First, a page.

You can get also information about that from several sources.

Ben Pike’s Orchard Handbook is again very helpful. It recommends different varieties for different purposes, gives an indication of flowering time, picking time, season of use and pest and disease resistance.

Also the Orange Pippin website has a good deal of helpful information about apple varieties and there characteristics. http://www.orangepippin.com/ .

You may have access to the informative book Apples a Field Guide by Michael Clarke - we usually stock this but unfortunately it is currently being reprinted and won’t be available until 2014; however a local library may stock it.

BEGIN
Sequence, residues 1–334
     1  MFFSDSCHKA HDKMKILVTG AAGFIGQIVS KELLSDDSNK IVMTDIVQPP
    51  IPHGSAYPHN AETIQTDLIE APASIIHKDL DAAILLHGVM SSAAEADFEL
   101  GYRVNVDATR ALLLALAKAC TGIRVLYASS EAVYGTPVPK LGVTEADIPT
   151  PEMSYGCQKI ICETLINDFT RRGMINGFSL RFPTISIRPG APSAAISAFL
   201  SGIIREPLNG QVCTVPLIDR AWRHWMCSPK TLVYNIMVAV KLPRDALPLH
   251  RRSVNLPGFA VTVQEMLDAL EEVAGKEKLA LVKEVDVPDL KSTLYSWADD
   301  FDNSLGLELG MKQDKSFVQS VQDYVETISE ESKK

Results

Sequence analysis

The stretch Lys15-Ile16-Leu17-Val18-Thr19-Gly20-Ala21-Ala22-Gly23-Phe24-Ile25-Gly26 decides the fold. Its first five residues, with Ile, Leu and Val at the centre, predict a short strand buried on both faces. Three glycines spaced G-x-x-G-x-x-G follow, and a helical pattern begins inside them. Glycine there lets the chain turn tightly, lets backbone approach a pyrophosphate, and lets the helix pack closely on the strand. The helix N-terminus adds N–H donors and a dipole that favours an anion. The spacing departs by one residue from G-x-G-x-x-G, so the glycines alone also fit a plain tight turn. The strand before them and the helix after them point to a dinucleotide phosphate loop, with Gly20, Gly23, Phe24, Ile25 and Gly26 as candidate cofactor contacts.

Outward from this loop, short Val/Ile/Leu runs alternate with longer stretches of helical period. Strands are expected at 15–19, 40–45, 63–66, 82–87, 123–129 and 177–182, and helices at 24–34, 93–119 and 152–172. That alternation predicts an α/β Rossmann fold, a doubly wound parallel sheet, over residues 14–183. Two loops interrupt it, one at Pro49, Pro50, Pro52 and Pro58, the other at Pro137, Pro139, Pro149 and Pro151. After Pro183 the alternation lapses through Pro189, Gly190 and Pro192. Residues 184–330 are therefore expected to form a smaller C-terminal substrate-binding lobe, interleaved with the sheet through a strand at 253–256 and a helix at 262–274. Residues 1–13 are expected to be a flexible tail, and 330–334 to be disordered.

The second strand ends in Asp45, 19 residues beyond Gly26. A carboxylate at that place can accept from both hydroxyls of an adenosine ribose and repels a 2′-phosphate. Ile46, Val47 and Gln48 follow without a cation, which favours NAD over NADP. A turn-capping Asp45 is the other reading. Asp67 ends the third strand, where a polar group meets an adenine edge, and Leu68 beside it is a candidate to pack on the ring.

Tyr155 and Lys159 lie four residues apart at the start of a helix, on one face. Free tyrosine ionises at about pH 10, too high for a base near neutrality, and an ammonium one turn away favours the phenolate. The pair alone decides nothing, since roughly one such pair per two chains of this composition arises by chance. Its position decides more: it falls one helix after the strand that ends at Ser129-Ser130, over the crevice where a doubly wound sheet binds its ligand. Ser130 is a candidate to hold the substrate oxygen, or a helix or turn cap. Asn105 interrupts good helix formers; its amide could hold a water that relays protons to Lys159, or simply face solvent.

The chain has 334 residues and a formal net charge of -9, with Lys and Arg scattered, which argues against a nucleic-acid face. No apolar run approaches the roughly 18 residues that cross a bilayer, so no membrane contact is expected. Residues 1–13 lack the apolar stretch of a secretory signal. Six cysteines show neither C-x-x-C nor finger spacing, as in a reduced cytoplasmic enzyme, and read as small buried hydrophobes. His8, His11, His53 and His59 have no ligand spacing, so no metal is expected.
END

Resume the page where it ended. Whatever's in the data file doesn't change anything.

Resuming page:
Or you can contact the advisory service of The Brogdale Trust – the national fruit archive. You can call on 01795 536250 any Friday afternoon between 2-4.30pm

Cider making

Apples for cider making need to have a high sugar content; this is needed for the yeast to feed on during the fermentation process and will determine the potential alcohol content of the finished cider. Each region has its particular style of cider – in the West Country there are special varieties of cider apple that are high in tannin and produce a rich brown juice which ferments to a gloriously golden cider whereas in the Eastern Counties a paler cider is produced from blends of dessert and culinary varieties.

Try to avoid solely using really acidic fruit as once the sugar has converted to alcohol the acidity will be more pronounced. Culinary apples will mellow if left to mature until late in the season – pressing in December or the New Year is recommended.

If you want to store the maturing apples do remember it is important exclude any rotten or bruised fruit, store in a cool airy place and check regularly for rot.